By using training (operant conditioning) and by positively reinforcing behaviours with food rewards, we can encourage our elephants to walk into this space and onto the weighbridge platform (the dark coloured rectangle on the floor). From here, we can measure their weight to a 10th of a kilogram using the digital scales beneath. This close monitoring of their weight provides vital information about their health and nutritional requirements.
This is just one of many features designed to enable us to provide the best possible care for our elephants. The space provided on the weighbridge allows keepers and vets to perform health checks, training and specialist medical procedures, such as EEHV management or standing sedation should we need to, with our elephants in a space that is both safe for the elephants and those taking care of them.
We work with elephants in a protected contact system, whereby elephants and keepers do not share the same space at any one time. The weighbridge allows keepers to work much closer with the elephants as although the elephants can easily walk through the bridge without touching either side, it does prevent them from turning around - just another way we can ensure the safety of both our elephants and keepers.
The outdoor habitat is made of two distinct spaces - an all weather sand area (which can be further divided into two) and the undulating grass habitat.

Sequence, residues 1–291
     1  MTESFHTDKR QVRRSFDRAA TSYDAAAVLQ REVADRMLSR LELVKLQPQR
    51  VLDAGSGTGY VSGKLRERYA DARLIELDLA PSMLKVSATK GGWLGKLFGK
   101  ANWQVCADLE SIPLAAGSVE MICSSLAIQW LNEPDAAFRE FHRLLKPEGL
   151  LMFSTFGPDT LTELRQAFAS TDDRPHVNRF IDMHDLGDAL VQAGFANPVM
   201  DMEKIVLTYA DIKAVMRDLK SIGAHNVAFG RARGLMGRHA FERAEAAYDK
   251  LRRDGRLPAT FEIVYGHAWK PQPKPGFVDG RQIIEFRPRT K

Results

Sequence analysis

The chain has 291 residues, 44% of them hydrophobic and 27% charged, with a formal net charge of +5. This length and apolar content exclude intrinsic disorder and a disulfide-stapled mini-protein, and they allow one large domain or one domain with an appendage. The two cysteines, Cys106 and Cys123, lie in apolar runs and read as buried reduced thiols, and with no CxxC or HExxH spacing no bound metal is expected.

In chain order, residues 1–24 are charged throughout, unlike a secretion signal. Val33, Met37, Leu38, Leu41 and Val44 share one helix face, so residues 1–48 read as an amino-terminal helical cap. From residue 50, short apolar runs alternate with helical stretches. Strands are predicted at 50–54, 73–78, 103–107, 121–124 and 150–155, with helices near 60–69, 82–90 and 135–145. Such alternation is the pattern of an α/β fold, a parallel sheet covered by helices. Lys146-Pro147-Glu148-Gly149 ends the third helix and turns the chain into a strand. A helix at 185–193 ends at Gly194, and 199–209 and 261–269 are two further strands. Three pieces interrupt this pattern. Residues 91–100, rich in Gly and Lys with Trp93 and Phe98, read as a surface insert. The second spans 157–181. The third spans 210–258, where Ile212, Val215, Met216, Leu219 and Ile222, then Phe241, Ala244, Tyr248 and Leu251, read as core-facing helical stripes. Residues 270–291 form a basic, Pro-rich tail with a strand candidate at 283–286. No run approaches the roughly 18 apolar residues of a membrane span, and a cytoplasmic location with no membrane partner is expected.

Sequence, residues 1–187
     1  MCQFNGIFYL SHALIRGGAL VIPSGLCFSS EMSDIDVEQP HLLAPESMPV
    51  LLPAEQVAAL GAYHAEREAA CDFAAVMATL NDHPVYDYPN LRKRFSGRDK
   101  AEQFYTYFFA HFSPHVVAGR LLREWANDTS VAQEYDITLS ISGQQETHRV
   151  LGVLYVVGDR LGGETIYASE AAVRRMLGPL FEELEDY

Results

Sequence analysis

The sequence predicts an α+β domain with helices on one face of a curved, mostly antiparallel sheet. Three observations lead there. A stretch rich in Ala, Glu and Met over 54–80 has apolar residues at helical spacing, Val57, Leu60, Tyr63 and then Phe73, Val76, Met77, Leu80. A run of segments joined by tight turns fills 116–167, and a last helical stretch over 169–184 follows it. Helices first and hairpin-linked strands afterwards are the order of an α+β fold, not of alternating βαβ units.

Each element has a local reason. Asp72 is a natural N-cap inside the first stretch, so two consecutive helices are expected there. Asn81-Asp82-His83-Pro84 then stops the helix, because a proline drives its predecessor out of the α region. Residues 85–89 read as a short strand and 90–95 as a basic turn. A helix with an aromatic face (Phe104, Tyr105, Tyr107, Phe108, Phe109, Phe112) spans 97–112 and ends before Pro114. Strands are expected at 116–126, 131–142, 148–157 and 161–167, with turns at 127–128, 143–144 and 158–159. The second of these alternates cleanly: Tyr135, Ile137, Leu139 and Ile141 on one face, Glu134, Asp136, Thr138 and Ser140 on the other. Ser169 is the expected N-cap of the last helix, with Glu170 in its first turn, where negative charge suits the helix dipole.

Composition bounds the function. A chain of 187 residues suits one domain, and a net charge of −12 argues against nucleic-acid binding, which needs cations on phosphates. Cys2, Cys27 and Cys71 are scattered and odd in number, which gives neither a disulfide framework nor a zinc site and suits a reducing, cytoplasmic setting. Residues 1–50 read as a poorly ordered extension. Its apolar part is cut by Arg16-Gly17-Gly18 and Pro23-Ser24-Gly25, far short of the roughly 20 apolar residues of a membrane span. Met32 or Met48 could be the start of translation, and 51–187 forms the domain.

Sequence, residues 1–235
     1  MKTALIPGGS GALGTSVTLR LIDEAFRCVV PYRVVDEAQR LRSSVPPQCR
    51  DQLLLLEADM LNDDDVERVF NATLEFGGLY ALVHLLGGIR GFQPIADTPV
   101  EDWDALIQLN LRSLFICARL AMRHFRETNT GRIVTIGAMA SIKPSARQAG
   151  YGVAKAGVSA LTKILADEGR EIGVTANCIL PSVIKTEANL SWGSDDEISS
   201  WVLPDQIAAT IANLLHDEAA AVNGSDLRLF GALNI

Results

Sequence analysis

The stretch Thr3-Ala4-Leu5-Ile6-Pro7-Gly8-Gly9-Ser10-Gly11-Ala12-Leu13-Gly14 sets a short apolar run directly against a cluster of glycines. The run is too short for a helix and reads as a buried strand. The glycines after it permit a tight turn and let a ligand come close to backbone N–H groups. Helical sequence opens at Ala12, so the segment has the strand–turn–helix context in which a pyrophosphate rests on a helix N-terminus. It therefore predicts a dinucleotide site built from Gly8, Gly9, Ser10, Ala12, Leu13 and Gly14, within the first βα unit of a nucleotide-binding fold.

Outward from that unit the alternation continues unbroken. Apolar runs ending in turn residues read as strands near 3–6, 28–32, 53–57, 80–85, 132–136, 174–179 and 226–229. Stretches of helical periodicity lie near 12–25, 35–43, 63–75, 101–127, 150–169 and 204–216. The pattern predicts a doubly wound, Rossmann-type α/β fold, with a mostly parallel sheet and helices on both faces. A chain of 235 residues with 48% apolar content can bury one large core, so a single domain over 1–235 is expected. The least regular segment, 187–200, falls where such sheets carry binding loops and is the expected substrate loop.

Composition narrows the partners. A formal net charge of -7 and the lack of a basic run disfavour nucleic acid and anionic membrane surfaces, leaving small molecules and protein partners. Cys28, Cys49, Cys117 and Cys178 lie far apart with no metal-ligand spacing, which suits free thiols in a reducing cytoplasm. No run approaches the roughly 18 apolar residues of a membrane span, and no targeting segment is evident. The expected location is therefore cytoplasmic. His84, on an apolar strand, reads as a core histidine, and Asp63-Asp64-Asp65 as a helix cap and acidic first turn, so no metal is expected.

The keepers' observation deck allows for visual monitoring of the herd in all areas of the outdoor habitat, with views across the enclosure and into the zoo beyond. Rainwater collected from the roof of the building is used to feed the water cannon - perfect for showering elephants out in the paddock and keeping them cool on a warm day.
The grass habitat provides us with a multitude of options to change and develop their habitat through the provision of different substrates, mud wallows, landscaping and the alternative and challenging ways food can be provided.
A 12ft deep pool provides a perfect bathing opportunity for our elephants, with a gentle slope down at it's deepest point an adult elephant could be fully submerged - despite their large size elephants are surprisingly good swimmers! The pool is filled using recycled rainwater from our rainwater harvesting tank.
Features such as the pool, trees, mud, mounds and boulders allow the elephants to undertake their own natural physical care - bathing and exfoliating themselves in the same way their wild cousins would do.
Plans for Project Elephant Base Camp were in the pipeline for more than 5 years before the doors finally opened in Spring 2018. Previously, our elephants were housed in our old Elephant and Reptile House, which started out life as an aircraft hangar during World War II before being put to good use for large mammals when the zoo opened in 1972. However, recommendations for the keeping of elephants have changed over the years with the importance of animal welfare and health and safety considerations becoming more prominent. Our Director and senior animal staff looked at various elephant facilities in the UK and Europe and have combined the best features to create a state of the art facility.
After housing elephants for nearly 45 years, the old Elephant and Reptile House is part of some exciting future plans, which may even see new species brought to the zoo. Currently, our five year plan suggests the area would be to transformed into an Asian Tropical House and to bring back rhinos, a species housed here for a few years in the very early days in the 1970's. Other species may include Asian birds and reptiles, but this development is still at the early stages of discussion. All we can guarantee is that it will be very exciting and it will add a new dimension to your day out at Blackpool Zoo.